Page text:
Labor Rights Defender: Congressman George Miller

Photo credit: http://democrats.edworkforce.house.gov/press-release/american-retailers%E2%80%99-garments-%E2%80%9Cmade-violence-against-women%E2%80%9D-bangladesh-miller-says

 

Congressman George Miller is the senior democrat on the House Education and the Workforce Committee and a leading advocate in Congress on international labor and human rights.

First elected in 1975, he represents the 11th District of California. The fifth most senior member of the House, Miller will not seek another term this fall.

Throughout his career, Miller has been an aggressive and unapologetic defender of the health and safety of children and workers.

In 1996, Miller hosted a 15-year-old Honduran garment worker who was paid 31 cents per hour to make clothes for Walmart, propelling the issue into the national spotlight. That year Miller also joined labor and human rights campaigners to call out Nike and Reebok for using child labor—workers as young as age 6—in Pakistan to make soccer balls. Miller called on FIFA, international soccer’s governing body, to withhold its endorsement of soccer balls made with child labor. 

Miller has been an outspoken critic of violence against workers and union leaders in Colombia. He leads a congressional working group that has pressed the U.S. and Colombian governments to prosecute those responsible for the murder of more than 3,000 trade unionists and urged Colombian leaders to implement the Colombia Labor Action Plan.

Miller has opposed regimes that have stolen democracy from their citizens—including that of Augusto Pinochet. As a result of this work, during a visit to Chile in 2014, Miller and Senator Tom Harkin received the Bernardo O’Higgins Award, the country’s highest civilian honor that distinguishes foreign citizens for their outstanding contribution to Chilean society.

Miller has also been a critic of the fashion industry’s record on both safety and labor and human rights in foreign factories, most recently in Bangladesh. He was the first member of Congress to visit Bangladesh following two major tragedies that claimed the lives of more than 1,240 garment workers; he met with workers and survivors and inspected factory working conditions.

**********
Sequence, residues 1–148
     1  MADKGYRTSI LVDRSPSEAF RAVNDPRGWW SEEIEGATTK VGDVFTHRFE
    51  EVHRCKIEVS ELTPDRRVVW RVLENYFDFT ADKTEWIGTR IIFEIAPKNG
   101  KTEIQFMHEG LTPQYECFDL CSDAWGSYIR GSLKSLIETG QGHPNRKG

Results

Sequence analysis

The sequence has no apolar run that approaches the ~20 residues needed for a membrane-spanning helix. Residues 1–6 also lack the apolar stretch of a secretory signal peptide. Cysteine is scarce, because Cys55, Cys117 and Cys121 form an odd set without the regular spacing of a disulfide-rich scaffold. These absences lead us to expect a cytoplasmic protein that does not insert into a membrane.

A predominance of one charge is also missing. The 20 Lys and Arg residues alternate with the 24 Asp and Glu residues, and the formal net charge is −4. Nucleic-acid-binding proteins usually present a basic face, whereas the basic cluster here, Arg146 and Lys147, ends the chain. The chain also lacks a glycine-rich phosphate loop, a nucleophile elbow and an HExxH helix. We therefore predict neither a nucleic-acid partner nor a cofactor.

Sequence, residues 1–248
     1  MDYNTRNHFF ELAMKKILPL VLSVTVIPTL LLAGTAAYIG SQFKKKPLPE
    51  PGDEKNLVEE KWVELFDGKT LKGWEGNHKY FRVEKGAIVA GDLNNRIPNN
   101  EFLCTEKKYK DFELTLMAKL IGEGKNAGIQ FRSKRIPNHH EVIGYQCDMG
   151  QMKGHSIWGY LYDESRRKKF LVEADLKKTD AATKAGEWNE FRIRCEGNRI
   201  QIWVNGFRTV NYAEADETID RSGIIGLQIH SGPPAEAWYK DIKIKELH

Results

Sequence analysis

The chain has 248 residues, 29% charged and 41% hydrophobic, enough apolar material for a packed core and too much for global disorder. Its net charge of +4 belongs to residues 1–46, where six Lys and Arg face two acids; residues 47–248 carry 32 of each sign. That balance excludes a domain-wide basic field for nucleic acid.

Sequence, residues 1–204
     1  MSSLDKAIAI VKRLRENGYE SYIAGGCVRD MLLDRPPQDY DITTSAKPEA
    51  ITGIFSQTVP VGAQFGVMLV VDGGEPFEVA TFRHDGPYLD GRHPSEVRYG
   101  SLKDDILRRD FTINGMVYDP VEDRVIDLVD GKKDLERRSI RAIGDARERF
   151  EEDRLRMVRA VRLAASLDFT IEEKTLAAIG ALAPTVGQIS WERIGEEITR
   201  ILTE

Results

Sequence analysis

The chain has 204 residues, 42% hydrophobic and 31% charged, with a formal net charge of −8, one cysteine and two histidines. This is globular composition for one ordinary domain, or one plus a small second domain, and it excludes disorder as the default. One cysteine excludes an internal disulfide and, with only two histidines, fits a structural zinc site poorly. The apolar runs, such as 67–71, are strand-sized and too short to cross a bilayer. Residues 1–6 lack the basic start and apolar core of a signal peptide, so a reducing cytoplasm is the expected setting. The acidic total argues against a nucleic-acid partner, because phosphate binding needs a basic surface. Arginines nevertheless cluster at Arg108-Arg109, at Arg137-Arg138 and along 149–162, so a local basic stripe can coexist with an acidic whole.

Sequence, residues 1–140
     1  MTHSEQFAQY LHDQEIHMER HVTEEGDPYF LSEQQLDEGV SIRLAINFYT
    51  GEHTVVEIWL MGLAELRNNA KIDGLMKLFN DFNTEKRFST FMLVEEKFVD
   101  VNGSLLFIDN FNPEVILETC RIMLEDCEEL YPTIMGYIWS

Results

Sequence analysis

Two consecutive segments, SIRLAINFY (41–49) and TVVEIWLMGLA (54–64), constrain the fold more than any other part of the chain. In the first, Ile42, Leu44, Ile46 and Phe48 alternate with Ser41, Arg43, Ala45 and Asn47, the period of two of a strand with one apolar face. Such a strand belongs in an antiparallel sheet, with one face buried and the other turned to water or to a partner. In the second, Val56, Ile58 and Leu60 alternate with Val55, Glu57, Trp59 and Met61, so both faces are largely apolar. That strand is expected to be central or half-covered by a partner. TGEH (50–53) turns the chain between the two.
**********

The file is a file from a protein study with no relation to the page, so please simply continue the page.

Miller successfully pressed the U.S. government to suspend Bangladesh’s trade benefits until its government ensures workers’ safety and grants them their internationally recognized labor rights. He has called on major fashion retailers to sign the Accord on Fire and Building and Safety in Bangladesh and pressed for the passage of legislation that would require the Military Exchanges at Defense Department installations to use suppliers that abide by the Accord. 

He recently called upon the International Labor Organization to adopt a convention to combat gender-based violence in the workplace as part of an effort to force businesses to better protect their female workers.

The Nation magazine named Miller the 2013 “Most Valuable Member of the House” for his work on the minimum wage, garment worker safety, and fair trade policy.

Miller was born in Richmond, CA. He graduated from Diablo Valley Community College and San Francisco State University, and earned his law degree from the University of California, Davis, Law School. He is married to Cynthia Caccavo Miller, with whom he has two sons, George and Stephen, and six grandchildren.